The Office of Regional and International Community Engagement (ORICE) will host the 2022 Symposium on Global Community Engagement on Thursday, March 10th, 2022. The theme of the symposium for this year is “Contested Spaces, Contested Impact”, and we invite students at all academic levels to present on their community engaged scholarship. A broad interpretation of the theme is welcomed, but in selecting it we have considered some of the many questions that arise in community-university collaborations including physical and psychological questions of belonging, safety and power. We have considered conflicting and differently understood standpoints, expectations, motivations and purposes of engagement and in turn consider how the question of meaningful impact is also contested. Impact for who? By who? In what ways?
We look forward to engaging in dialogue and learning together about these and many other questions throughout the symposium.
Due to the ongoing COVID-19 pandemic, this symposium will be primarily virtual on Zoom. All sessions will be offered online and there will be one in-person session to watch the keynote and debrief with fellow colleagues.
|Concurrent Session 1
|1a. Exploring Community-Based Research and Data Justice. An introduction to a new resource guide produced by the UBC Gender + in Research Collective (Zoom)
|Anneke Dresselhuis, Balie Tomar, Kristin Kilgallen, Sophie Sargent, Victoria Barclay and Solal Quere.
|1b. Engage community to envision community: Co-creating a food hub on campus. (Zoom)
|Min Kim, Amy Dong, Raveena Gowda and Shadow Feng (UBC Wellbeing)
|1c. Mapping of Unchartered COVID-19 Evictions: Are Women Disproportionately Affected by Job Loss? (Zoom)
|Cheryl Lee Madden
|Keynote: Transforming Research Through Community-led Processes
|Dr. Sasha Costanza-Chock
|a. Online through Zoom
|b. In-person watch party at the Place of Many Trees in the Liu Institute
|Concurrent Session 2
|2a. Working with the Power and Positionality Wheel for Food Justice and Systems Change. (Zoom)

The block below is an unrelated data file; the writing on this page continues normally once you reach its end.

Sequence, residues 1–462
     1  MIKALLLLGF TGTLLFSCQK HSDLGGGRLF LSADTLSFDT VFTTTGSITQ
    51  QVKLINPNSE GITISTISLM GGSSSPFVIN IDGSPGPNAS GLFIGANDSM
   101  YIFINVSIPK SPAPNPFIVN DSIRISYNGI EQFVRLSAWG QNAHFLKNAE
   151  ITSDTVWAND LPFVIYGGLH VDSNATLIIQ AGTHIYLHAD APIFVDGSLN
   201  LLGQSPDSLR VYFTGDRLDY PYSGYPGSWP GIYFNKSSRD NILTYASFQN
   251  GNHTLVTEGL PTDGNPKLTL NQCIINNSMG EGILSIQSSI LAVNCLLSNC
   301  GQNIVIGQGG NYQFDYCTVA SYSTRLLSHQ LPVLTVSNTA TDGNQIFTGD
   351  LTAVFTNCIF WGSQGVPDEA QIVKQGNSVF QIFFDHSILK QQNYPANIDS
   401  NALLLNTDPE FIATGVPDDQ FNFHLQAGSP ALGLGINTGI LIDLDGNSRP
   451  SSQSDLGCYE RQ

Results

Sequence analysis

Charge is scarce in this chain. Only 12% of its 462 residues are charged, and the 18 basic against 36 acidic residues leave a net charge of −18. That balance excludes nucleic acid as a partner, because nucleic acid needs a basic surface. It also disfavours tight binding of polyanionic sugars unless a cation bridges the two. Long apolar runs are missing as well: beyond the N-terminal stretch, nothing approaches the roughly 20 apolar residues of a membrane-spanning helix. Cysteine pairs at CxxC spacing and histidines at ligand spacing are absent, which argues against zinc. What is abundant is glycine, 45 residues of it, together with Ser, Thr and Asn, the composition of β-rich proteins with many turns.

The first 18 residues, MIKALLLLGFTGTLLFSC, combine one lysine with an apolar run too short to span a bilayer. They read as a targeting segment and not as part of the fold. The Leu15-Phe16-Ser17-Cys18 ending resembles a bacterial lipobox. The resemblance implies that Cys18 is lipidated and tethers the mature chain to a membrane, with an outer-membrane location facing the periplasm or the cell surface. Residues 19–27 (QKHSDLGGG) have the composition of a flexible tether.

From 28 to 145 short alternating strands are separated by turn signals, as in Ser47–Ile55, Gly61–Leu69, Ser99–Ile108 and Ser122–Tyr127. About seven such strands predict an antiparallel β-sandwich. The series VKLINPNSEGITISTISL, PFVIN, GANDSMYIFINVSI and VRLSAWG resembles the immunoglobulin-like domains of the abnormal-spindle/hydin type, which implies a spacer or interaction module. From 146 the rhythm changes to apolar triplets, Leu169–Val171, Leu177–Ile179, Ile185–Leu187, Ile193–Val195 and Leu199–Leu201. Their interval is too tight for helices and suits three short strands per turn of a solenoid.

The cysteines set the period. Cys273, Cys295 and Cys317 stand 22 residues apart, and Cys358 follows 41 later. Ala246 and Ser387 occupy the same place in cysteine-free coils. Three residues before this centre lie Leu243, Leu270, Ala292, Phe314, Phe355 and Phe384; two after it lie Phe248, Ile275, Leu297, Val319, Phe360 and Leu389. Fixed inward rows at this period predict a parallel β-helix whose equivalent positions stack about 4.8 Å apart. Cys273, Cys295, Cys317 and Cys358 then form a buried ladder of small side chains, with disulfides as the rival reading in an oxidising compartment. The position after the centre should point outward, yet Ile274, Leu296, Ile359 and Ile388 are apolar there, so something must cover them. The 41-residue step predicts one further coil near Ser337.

|Mikaela Hudson, Joanne MacKinnon (Little Mountain Neighbourhood House)
|2b. It’s Not Gender as Usual: Guiding Questions for Transformative Intersectional Gender+ Research (Zoom)
|Claire Okatch, Hannah Facknitz, Elaina Nguyen
|2c. Youth Climate Ambassadors Project (Zoom)
|Esme Decker, Anna Brookes, George Radner (UBC Climate Hub and Be the Change Earth Alliance)
|2d. Compassion over comprehension. Examining and challenging the implications of the gender binary and the colonial us vs them mindset. (Zoom)
|Nasyta Mozolevych and Jay Quong
|2e. Post-keynote discussion and networking in the Place of Many Trees, Liu Institute. (Zoom)
|Hosted by SPPGA REDI Collective Members
Keynote Speaker: Dr. Sasha Costanza-Chock
Transforming Research Through Community-led Processes
Join Dr. Costanza-Chock in a discussion about design justice principles and how these principles can transform community-engaged scholarship.
Note: For those who would like to watch the keynote with other UBC community members and debrief over a light meal, we will be hosting a watch party and debrief session in the Place of Many Trees in the Liu Institute on campus. Individuals can select this option on the registration form.
Sasha Costanza-Chock (they/she/elle/ella) is a researcher and designer who works to support community-led processes that build shared power, dismantle the matrix of domination, and advance ecological survival. They are a nonbinary trans* femme. Sasha is known for their work on networked social movements, transformative media organizing, and design justice. Sasha is the Director of Research & Design at the Algorithmic Justice League (ajlunited.org), a Faculty Associate with the Berkman-Klein Center for Internet & Society at Harvard University, and a member of the Steering Committee of the Design Justice Network (designjustice.org). They are the author of two books and numerous journal articles, book chapters, and other research publications. Sasha’s latest book, Design Justice: Community-Led Practices to Build the Worlds We Need, was published by the MIT Press in 2020.